In a preferred embodiment, the previously mentioned ports are formed with resealable septums integrally formed therein. This is accomplished by affixing a septum to each diaphragm pin positioned outside the parison before insertion into the parison. A tubular port and diaphragm are then formed about each resealable septum. The septum is then released from the diaphragm pin after cooling of the container. One means of affixing the septum to the diaphragm pin is by using a point on the end of the pin which is adapted for puncturing the septum sufficiently to affix and retain it during the manufacturing process. This allows simplified, low cost manufacture.
In a preferred embodiment, once the diaphragm pins have been removed, the tube may be compressed into an overcap. In addition, by constructing the outside diaphragm pins with an enlarged diameter and providing a correspondingly shaped portion of the mold, an enlarged flange may be constructed between the tubular port and the overcap. Alternatively, the overcap itself may be increased in size. In either case, a frangible groove may be incorporated into the tubular port or the enlarged flange by including a correspondingly shaped bead in the tubular port sections of the mold. After formation of the diaphragm in the tubular ports the container may be blown, filled and sealed within the mold in a sterile condition, due to the heated condition of the plastic during formation.
FIG. 1 of the drawings is a front view, partially cut-away, of a container for liquids having a pair of tubular ports integrally formed and extending therefrom, and a removable twist cap, integrally formed about the end of each tubular port.
FIG. 2 of the drawings is a perspective view of an alternative embodiment of the previously mentioned twist cap.
FIG. 3 of the drawings is a front view partially cut away of the twist caps disclosed in FIG. 2.
FIG. 4 of the drawings is a front view, partially cut away, of an alternative embodiment of a container for liquids having tubular cap members inserted into each tubular port.
FIG. 5 of the drawings is a front view partially broken away of a portion of a mold used in the manufacture of the container of FIG. 1 showing in particular adjustable diaphragm pins used in the formation of a diaphragm within a tubular port.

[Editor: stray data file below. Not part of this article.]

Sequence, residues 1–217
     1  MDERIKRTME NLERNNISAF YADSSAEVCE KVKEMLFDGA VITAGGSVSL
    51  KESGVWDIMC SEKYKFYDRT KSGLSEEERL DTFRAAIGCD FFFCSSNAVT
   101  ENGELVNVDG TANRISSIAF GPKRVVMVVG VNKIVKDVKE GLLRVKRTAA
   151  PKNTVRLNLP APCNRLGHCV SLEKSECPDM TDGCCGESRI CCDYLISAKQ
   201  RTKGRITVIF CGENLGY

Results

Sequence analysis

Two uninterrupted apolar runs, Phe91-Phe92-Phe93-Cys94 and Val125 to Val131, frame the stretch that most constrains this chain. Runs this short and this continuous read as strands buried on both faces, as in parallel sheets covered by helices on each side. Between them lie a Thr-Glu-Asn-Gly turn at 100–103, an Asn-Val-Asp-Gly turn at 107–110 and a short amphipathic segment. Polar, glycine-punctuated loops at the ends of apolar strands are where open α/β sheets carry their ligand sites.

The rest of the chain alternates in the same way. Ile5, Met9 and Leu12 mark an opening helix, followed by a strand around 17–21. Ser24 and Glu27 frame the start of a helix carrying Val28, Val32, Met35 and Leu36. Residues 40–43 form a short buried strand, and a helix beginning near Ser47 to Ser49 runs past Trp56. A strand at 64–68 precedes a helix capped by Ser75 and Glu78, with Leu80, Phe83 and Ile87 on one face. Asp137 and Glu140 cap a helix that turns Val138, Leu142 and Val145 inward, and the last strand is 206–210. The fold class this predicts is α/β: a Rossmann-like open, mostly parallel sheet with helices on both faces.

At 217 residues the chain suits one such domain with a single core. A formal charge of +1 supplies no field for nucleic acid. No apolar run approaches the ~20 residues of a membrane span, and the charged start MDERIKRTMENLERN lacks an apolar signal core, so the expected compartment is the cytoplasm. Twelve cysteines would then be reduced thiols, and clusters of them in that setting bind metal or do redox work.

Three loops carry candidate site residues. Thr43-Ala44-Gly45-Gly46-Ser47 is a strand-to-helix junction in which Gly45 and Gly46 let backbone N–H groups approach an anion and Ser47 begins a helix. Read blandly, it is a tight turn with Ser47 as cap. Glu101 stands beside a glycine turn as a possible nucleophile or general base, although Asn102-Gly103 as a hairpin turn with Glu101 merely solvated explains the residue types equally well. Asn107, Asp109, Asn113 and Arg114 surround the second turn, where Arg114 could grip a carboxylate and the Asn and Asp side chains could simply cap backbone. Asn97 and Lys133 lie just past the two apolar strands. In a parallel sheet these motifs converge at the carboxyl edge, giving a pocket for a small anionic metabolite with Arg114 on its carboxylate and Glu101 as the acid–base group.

FIG. 6 of the drawings is a front view partially broken away of the adjustable diaphragm pins of FIG. 5 withdrawn from the mold.
FIG. 7 of the drawings is a vertical section of the portion of the mold shown in FIGS. 5 and 6 showing in particular compression of the end of the tubular port so as to form the twist cap shown in FIG. 1.
FIG. 8 of the drawings is a schematic representation of a method of loading the septum of FIGS. 5 and 6 onto an alternative diaphragm pin.
FIG. 9 of the drawings is a front view partially broken away of the adjustable diaphragm pins of FIG. 8 inserted into a pair of tubular ports.
FIG. 10 of the drawings is a side view, partially broken away of the twist cap of FIG. 2 formed using the method disclosed in FIGS. 8 and 9.
FIG. 11 is a sectional view taken along line A--A of the tubular port and mold therefor shown in FIG. 10.
FIG. 12 of the drawings is a vertical section of the method of forming a container disclosed in patent application Ser. No. 106,954.
FIG. 13 of the drawings is a vertical section, taken from the side of the method disclosed in FIG. 12.
FIG. 14 of the drawings is a vertical section of an alternative embodiment of the mold and diaphragm pins shown in FIG. 5, used to manufacture a port having a twist cap integrally formed thereon and frangible connected together.
FIG. 15 of the drawings is a vertical section of the port and twist cap disclosed in FIG. 14.
FIG. 16 of the drawings is a vertical section of the port and twist cap disclosed in FIG. 15 showing in particular the twist cap broken from the port and then threadedly attached thereto.